Credit quality and price stability are paramount short-term investment concerns, particularly when a portfolio’s cash flow is intended to align with pending liabilities. A tangible advantage of pairing short-term bonds and VRDNs lies in avoiding the daily market price variability associated with non-money market mutual funds and ETFs. Holding high quality bonds to maturity, coupled with VRDN’s very short par put options, mitigates market value fluctuation risk. Furthermore, our proprietary credit assessment of VRDN liquidity providers offers added due diligence to issue selection.

Rising Rate Protection

In an era of monetary tightening, term structure and interest rate risk are common concerns, even in the shorter maturity portions of the yield curve. Finding the right balance between price stability and yield can be challenging, and those unwilling to take duration or credit risk may end up foregoing considerable income. That is an understandable, but problematic trade-off. However, we feel that complementing VRDNs, whose coupons reset daily or weekly, with short-term bonds in an actively managed separate account, represents a potentially attractive option.

Income Enhancement

With Fed monetary policy normalization well underway, the opportunity cost of idle cash is steadily rising. The recently concluded March Fed meeting bumped up the Fed Funds target rate to 1.50 – 1.75%, with an accelerated pace of increases anticipated. In fact, the median Fed governor’s expectations revealed at the last meeting call for a Fed Funds rate of 2.90% by the end of 2019 and 3.40% by 2020.

Short-term municipal rates have reacted largely in synch, with the SIFMA Muni Swap Yield Index (37% tax-adjusted) rising to 2.51% as of 3/28/18 vs. 0.63% roughly two years prior (3/31/16). The impact to a high net worth investor with sizeable short-term holdings can be considerable and speaks to the value of maximizing income consistent with credit, liquidity, maturity and other portfolio constraints.

Customization Flexibility

For high tax bracket investors, the ability of their investments to account for factors such as state preferences, tax circumstances, and risk profile can impact portfolio outcomes. The control associated with managed accounts creates an ability to accommodate individual needs in our short-term, cash alternative portfolios, characteristics unavailable through mutual funds or ETFs.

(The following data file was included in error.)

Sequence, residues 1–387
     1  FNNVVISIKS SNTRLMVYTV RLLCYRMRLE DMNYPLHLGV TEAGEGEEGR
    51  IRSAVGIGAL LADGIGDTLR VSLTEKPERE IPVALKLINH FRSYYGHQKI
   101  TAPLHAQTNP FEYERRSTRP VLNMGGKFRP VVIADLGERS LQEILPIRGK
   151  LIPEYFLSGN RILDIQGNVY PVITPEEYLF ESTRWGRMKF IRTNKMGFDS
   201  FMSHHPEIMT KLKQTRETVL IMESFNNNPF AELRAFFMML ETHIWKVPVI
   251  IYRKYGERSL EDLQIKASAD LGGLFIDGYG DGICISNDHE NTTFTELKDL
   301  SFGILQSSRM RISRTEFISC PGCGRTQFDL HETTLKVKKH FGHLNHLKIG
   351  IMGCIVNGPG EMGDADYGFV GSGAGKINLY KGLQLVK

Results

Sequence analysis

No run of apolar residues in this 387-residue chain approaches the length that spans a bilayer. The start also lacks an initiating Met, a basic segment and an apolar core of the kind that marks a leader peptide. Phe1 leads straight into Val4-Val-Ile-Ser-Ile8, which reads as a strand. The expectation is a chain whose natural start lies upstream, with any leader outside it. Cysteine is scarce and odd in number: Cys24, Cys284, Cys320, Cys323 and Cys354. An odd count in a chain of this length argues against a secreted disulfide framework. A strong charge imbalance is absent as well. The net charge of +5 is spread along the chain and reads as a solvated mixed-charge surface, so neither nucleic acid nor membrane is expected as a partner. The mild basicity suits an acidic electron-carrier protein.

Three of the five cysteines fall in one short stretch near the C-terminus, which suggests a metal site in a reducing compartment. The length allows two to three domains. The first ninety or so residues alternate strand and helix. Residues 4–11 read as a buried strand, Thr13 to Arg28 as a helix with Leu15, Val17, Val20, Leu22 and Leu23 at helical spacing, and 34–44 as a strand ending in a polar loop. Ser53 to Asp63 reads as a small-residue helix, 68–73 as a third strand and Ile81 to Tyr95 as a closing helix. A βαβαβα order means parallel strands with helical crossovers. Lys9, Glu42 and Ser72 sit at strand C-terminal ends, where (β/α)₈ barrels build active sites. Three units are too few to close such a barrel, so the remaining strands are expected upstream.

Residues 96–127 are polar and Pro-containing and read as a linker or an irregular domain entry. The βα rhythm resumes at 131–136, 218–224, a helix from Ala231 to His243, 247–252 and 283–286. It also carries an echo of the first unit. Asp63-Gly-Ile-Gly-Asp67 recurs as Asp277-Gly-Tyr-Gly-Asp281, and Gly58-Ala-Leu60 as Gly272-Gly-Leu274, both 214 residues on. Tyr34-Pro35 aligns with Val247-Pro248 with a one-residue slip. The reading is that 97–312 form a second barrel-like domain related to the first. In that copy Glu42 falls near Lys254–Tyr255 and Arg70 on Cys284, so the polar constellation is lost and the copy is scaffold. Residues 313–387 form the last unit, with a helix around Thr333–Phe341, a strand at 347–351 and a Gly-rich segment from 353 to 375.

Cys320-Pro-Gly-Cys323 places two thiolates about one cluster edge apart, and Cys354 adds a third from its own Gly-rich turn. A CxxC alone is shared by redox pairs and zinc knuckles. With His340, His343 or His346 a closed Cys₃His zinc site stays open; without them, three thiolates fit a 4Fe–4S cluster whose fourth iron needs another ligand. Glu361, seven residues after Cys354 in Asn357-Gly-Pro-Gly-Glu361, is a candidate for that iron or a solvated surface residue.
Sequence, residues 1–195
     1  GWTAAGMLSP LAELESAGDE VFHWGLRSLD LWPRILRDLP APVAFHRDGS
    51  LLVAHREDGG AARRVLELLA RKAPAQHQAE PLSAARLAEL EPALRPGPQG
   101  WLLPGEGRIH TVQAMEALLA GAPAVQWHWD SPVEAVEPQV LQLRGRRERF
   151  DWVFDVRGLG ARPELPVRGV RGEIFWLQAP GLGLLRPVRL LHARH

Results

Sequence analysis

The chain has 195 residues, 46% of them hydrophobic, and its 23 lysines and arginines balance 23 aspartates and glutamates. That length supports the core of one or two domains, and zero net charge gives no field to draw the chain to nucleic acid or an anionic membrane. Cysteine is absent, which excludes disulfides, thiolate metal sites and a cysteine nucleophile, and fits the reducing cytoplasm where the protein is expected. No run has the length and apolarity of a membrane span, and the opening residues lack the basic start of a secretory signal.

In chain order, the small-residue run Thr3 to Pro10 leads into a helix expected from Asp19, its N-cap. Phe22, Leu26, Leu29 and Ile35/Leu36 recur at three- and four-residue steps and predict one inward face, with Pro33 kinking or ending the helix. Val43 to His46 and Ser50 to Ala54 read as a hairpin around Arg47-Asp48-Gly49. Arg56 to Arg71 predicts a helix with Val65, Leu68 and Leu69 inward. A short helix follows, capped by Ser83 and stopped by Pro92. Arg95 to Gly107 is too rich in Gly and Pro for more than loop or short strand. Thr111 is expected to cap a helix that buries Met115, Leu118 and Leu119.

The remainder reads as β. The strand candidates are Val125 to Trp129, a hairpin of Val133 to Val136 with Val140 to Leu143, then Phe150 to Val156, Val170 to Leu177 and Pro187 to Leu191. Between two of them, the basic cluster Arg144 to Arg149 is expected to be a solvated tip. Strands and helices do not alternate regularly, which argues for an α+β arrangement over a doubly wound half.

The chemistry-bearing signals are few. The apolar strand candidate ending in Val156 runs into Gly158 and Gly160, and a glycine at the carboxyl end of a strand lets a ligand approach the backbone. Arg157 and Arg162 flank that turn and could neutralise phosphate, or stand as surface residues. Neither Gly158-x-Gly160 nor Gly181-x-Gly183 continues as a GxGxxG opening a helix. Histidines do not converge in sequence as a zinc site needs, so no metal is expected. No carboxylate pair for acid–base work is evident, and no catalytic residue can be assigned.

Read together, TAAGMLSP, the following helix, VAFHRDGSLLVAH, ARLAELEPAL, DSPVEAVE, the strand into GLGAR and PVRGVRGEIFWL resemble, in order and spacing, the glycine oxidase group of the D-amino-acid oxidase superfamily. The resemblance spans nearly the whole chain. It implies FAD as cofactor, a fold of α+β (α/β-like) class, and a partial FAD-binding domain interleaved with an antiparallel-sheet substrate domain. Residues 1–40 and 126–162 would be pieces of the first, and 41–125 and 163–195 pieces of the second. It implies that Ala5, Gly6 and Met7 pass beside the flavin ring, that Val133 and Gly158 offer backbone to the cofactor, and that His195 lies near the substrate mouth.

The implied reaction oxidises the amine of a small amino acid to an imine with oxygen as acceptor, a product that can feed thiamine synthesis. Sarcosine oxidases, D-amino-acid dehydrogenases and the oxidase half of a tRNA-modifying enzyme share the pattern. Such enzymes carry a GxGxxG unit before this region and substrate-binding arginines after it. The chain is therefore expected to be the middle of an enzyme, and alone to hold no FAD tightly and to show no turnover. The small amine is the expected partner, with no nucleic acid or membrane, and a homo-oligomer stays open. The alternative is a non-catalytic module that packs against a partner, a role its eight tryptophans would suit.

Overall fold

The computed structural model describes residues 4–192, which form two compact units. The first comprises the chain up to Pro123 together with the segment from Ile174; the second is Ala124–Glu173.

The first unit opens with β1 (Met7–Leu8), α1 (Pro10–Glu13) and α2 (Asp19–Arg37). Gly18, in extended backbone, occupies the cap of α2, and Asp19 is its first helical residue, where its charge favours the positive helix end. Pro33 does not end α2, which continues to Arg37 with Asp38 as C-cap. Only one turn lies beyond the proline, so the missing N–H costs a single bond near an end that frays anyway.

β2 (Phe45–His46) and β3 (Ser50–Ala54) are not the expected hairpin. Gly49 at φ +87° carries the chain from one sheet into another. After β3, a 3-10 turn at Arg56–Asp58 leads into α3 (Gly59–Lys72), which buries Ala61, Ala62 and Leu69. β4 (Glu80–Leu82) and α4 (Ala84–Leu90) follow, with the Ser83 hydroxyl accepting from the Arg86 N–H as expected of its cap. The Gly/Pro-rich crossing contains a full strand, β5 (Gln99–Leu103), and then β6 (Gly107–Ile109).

Asset-Liability Alignment

Defined portions of high net worth portfolios may serve to fund near-term liabilities such as tax payments, pending investments, or other anticipated withdrawals. As with institutional LDI strategies, this requires proper calibration of assets and liabilities. Managed accounts comprised of individually selected bonds and VRDNs can be customized to serve this purpose given the flexibility of these instruments. By targeting bond maturities and call structure, while positioning a rolling portfolio of VRDNs, client cash flow can be closely aligned with anticipated withdrawals.

Creative Approaches Can Add Value

Optimizing short-term assets requires putting cash to work in a secure manner consistent with investor specifications. While this portion of a high net worth portfolio may at times be overlooked, this need not be the case. Appleton’s short-term solutions offer advisors options worth exploring within the context of an overall client asset allocation strategy.


This commentary reflects the opinions of Appleton Partners based on information that we believe to be reliable. It is intended for informational purposes only, and not to suggest any specific performance or results, nor should it be considered investment, financial, tax or other professional advice. It is not an offer or solicitation.  Views regarding the economy, securities markets or other specialized areas, like all predictors of future events, cannot be guaranteed to be accurate and may result in economic loss to the investor.  While the Adviser believes the outside data sources cited to be credible, it has not independently verified the correctness of any of their inputs or calculations and, therefore, does not warranty the accuracy of any third-party sources or information.   Specific securities identified and described may or may not be held in portfolios managed by the Adviser and do not represent all of the securities purchased, sold, or recommended for advisory clients.  The reader should not assume that investments in the securities identified and discussed are, were or will be profitable.   Any securities identified were selected for illustrative purposes only, as a vehicle for demonstrating investment analysis and decision making.